In the 2012 exit poll, of the relatively small group of the voters – only 5 percent – who chose foreign policy as the most important issue facing the country, 56 percent voted for Obama and only 33 percent for Republican Mitt Romney.
When asked who they’d trust to handle an international crisis, 42 percent said Obama, 36 chose Romney and 13 percent said both.
By losing the 2008 and 2012 elections, Republicans in effect handed responsibility for national security to a Democratic president for eight years, giving Obama the chance to show that a Democratic commander-in-chief can be just as or even more assertive than Bush was in using drones to kill suspected terrorists. Having Obama in charge means that it’s now a Democratic president who invokes the White House's inherent constitutional authority to wage war, with minimal consultation from Congress. Whether Democratic presidential contenders in 2016 will continue this robust assertion of presidential war-making power is unclear.
In the wake of the GOP defeats in 2008 and 2012, the party is defined at least partly by Rand Paul, whose father Ron was one of only six Republican House members to vote against the Oct. 10, 2002 authorization to use military force against Iraq.
Former Bush administration official Peter Wehner, who described himself as part of the internationalist wing of the Republican Party, said at the AEI debate last week that there is a concern in his wing of the GOP about “a kind of war weariness because of Iraq and Afghanistan … and I think Rand Paul tapped into it in a very creative and politically intelligent manner” with his filibuster against the possibility of Obama using drones to kill American citizens who may be terror suspects in the United States.
Paul also rails against U.S. aid to Egypt, where anti-American protests have taken place.
Wehner said he disagrees with Paul’s foreign policy views, but predicted a spirited intra-party debate over U.S. role in the world. “It may up being an acrimonious one because I think there are a lot people – including sort of traditional conservatives and a lot of people on talk radio – who had been strong supporters of President Bush and the Iraq war and the effort in Afghanistan – who spoke quite favorably about Rand Paul. I think that symbolized a kind of shift in thinking.”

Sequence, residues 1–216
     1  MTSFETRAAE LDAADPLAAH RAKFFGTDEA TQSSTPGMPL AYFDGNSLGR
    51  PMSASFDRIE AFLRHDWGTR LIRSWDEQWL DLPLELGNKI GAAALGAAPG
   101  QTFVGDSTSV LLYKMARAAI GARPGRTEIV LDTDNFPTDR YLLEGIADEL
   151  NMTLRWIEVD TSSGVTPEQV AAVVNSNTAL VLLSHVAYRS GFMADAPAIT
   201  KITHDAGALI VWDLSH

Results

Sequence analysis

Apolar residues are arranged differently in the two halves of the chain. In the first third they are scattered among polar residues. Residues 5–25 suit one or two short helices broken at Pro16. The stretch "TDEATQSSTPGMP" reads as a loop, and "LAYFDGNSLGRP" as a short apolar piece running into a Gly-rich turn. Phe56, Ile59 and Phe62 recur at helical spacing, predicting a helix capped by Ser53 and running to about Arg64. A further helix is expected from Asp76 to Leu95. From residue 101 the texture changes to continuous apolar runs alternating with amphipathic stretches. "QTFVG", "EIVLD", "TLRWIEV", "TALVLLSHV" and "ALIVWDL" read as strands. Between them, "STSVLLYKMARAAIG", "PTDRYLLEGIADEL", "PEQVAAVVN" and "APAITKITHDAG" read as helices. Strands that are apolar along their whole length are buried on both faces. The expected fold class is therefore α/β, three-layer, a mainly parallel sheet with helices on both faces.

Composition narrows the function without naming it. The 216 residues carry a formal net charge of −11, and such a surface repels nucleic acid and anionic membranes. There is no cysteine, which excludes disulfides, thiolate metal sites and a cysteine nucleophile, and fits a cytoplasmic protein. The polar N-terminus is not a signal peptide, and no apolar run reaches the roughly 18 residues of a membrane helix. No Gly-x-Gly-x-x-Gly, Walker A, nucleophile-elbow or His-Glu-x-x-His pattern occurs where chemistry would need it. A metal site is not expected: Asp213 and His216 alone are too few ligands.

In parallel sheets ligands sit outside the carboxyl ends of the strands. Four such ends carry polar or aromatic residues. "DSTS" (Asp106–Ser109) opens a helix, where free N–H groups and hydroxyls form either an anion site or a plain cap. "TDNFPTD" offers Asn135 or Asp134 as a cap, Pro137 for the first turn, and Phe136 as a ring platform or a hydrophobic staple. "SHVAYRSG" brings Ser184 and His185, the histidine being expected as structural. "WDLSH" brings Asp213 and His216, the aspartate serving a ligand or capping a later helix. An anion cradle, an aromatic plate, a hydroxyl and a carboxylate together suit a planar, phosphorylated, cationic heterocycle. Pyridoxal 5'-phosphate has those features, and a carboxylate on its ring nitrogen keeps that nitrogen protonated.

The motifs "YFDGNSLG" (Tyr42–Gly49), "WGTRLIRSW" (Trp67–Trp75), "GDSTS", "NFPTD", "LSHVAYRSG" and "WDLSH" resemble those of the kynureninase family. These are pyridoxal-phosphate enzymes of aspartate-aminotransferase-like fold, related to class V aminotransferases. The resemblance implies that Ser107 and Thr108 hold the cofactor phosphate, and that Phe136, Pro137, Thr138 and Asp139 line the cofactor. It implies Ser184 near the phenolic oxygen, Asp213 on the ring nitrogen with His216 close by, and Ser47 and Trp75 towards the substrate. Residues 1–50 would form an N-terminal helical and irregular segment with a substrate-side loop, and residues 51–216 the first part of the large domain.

Joining that debate the morning after Paul’s filibuster was McCain. Paul’s speculation about Obama using drones in the United States had “done a disservice to a lot of Americans by making them believe that somehow they are in danger from their government,” McCain said. “They are not. But we are in danger from a dedicated, longstanding, easily replaceable leadership enemy that is hell-bent on our destruction….”
Last week at the Conservative Political Action Conference, potential 2016 Republican presidential contender Sen. Marco Rubio of Florida warned that Americans “need to engage in the world…. We can't be involved in every armed conflict. But we also can't be retreating from the world….”
A divided party might have a hard time winning the next election. But divided as Republicans are now, so Democrats were at the height of the Bush era, and yet they won the 2008 election.
The weekend before American troops invaded Iraq, Kerry, then a contender for the 2004 Democratic nomination, faced a heckling reception from some of the activists at the California Democratic Party’s convention in Sacramento as he tried to minimize the importance of his vote for the resolution authorizing Bush to attack Iraq.
“It’s disappointing to me that he gave President Bush preemptive war power without really having it be an issue,” said one of the Democrats heckling Kerry, Tim Steed, who was then 22 and chairman of the Orange County Young Democrats, who supported Kerry’s rival Howard Dean. Iraq “is a very divisive issue for our party and that is a shame,” Steed said.